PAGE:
The Washington Post has run an important piece this morning on the rapidly increasing year on year costs of the Iraq War. Rather than becoming less expensive each year, American costs have increased, in constant dollars, each year.
Jonathan Weisman writes:
With the expected passage this spring of the largest emergency spending bill in history, annual war expenditures in Iraq will have nearly doubled since the U.S. invasion, as the military confronts the rapidly escalating cost of repairing, rebuilding and replacing equipment chewed up by three years of combat.
The cost of the war in U.S. fatalities has declined this year, but the cost in treasure continues to rise, from $48 billion in 2003 to $59 billion in 2004 to $81 billion in 2005 to an anticipated $94 billion in 2006, according to the Center for Strategic and Budgetary Assessments. The U.S. government is now spending nearly $10 billion a month in Iraq and Afghanistan, up from $8.2 billion a year ago, a new Congressional Research Service report found.
Annual war costs in Iraq are easily outpacing the $61 billion a year that the United States spent in Vietnam between 1964 and 1972, in today’s dollars. The invasion’s “shock and awe” of high-tech laser-guided bombs, cruise missiles and stealth aircraft has long faded, but the costs of even those early months are just coming into view as the military confronts equipment repair and rebuilding costs it has avoided and procurement costs it never expected.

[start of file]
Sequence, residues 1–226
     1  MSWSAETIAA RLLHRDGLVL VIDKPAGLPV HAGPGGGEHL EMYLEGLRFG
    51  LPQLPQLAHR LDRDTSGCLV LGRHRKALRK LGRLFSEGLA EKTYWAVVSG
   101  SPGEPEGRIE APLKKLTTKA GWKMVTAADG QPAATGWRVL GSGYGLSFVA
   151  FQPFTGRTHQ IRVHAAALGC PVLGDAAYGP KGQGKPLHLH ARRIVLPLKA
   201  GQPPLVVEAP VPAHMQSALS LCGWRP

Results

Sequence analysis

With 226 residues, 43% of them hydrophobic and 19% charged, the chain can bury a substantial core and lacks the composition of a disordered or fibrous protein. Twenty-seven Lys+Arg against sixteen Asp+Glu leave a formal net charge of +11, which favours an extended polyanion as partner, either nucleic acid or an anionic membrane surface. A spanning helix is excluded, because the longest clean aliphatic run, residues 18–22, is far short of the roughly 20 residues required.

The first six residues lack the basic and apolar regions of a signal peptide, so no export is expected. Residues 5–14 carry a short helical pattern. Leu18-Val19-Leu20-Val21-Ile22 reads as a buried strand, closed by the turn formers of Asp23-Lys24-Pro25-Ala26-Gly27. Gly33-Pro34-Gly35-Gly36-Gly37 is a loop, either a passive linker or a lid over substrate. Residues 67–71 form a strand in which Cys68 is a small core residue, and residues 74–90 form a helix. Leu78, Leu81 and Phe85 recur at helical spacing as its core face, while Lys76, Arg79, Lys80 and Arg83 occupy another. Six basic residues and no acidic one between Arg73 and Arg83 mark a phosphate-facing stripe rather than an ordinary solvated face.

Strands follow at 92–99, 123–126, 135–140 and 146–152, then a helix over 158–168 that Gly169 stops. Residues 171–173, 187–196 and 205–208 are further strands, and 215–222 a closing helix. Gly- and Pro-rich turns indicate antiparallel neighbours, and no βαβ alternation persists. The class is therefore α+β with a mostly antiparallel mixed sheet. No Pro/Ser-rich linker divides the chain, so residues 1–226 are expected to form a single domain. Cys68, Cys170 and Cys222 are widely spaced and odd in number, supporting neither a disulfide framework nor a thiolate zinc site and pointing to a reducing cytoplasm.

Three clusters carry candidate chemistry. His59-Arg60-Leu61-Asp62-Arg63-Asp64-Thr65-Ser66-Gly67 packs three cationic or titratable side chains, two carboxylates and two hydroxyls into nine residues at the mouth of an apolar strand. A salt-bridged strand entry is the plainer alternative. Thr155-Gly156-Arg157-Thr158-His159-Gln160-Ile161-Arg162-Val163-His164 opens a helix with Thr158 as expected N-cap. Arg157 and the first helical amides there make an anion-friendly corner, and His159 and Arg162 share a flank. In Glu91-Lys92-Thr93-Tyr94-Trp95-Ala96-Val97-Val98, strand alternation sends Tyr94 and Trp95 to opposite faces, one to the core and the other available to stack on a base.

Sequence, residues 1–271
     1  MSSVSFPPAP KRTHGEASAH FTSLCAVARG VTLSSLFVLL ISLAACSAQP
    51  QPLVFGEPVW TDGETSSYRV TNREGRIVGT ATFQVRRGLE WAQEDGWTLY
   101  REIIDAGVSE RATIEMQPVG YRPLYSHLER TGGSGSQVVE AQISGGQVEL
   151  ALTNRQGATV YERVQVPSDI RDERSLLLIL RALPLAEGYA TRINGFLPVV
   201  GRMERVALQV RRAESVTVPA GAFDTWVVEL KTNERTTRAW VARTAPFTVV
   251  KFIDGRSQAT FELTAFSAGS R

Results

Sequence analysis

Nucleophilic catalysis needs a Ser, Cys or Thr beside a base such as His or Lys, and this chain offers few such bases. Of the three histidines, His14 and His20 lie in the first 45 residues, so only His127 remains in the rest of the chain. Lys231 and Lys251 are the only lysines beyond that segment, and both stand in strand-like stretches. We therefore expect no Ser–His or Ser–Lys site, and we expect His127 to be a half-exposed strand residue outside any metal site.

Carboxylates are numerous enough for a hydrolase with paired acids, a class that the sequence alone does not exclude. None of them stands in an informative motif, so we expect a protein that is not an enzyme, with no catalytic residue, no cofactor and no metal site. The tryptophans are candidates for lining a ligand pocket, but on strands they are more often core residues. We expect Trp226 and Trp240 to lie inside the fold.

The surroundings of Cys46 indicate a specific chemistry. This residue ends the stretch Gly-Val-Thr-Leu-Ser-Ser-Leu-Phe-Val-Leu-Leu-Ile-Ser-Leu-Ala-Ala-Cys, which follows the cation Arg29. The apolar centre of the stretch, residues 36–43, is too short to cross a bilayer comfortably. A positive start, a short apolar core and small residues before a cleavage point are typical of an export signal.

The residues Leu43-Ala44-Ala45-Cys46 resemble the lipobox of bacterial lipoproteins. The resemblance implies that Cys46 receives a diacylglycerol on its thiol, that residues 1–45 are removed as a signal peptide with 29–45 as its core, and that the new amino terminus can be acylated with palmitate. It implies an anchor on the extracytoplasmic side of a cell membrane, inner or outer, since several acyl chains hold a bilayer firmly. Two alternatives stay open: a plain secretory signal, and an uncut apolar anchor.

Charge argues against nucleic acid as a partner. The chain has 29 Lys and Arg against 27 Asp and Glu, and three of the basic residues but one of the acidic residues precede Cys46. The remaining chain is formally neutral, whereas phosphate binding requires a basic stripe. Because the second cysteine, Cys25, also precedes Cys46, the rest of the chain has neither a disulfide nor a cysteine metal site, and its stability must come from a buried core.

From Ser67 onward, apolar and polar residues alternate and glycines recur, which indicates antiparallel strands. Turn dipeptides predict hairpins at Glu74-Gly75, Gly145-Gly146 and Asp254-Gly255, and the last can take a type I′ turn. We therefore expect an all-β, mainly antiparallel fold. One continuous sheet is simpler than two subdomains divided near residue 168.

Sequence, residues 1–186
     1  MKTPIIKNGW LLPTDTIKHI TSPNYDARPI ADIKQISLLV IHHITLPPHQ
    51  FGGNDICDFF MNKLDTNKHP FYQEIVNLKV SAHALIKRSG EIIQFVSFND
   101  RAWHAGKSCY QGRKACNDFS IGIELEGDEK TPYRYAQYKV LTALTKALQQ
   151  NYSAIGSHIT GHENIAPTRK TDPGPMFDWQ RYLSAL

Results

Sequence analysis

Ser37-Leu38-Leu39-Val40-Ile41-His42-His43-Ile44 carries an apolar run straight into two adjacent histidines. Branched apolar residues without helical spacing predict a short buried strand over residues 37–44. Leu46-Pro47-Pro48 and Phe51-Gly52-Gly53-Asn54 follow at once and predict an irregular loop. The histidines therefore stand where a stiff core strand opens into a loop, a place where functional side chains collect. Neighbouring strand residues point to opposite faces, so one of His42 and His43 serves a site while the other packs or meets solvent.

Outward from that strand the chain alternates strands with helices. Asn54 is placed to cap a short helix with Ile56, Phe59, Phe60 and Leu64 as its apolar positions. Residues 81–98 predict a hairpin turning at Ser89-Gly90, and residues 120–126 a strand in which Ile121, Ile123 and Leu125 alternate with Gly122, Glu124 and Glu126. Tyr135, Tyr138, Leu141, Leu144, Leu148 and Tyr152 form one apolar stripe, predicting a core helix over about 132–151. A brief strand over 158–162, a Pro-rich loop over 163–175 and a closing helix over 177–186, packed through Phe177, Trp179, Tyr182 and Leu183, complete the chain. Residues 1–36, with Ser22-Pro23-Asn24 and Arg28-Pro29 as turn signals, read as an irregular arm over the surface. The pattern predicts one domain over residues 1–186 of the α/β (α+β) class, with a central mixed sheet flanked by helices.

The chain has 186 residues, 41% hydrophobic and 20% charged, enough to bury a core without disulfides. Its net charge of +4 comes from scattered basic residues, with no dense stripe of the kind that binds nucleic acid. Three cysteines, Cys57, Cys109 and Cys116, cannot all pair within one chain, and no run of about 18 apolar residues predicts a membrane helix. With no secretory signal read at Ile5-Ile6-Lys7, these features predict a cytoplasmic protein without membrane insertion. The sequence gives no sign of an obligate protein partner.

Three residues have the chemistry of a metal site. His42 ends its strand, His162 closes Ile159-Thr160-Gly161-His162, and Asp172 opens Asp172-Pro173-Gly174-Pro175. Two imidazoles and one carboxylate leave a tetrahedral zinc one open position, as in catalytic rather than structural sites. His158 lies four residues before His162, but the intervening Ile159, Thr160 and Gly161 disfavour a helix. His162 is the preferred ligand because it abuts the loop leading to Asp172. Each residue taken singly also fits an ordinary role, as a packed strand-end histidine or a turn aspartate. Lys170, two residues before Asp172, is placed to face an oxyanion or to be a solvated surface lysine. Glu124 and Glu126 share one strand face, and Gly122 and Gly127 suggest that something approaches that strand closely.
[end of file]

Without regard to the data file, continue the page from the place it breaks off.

“We did not predict early on that we would have the number of electronic jammers that we’ve got. We did not predict we’d have as many [heavily] armored vehicles that we have, nor did we have a good prediction about what our battle losses would be,” Army Chief of Staff Peter J. Schoomaker recently told the Senate Armed Services Committee.
The Post has a graphic depicting that this war in Iraq, in dollar terms, has surpassed the U.S. Civil War, the first Gulf War, and World War I in cost. We are going to surpass the Korean War in 9 months. And we are spending at a rate far greater than we were in Vietnam, and will surpass Vietnam in about 24 months.
Without getting into the tragic human casualties in this war, on both sides, the most important net loss from this war is the puncturing of American mystique in the world.
George Bush, Vice President Cheney, Donald Rumsfeld and those who empowered them and/or did not do their jobs in constraining or overseeing what they did have pushed the American military to a near breaking point. Their poor planning and the mission creep they devised to turn a war against bin Laden into a war against much of the Middle East has shown the nation’s limits.
Now, Iran is moving its agenda forward. Allies like Europe and Japan are not counting on us as much. The President’s efforts to cut economic and trade deals in Latin America and during the APEC Leaders Conference fell with a thud. And now the Doha Development Round of trade talks is quickly dying.
It frustrates me greatly that Dems at the leadership level are not out making the case that this war and the maintenance of an occupation in Iraq are harming this nation’s interests and future capabilities in profound ways. Dems have a hand in approving these budgets — and they should begin linking defense spending to an Iraq withdrawal.
— Steve Clemons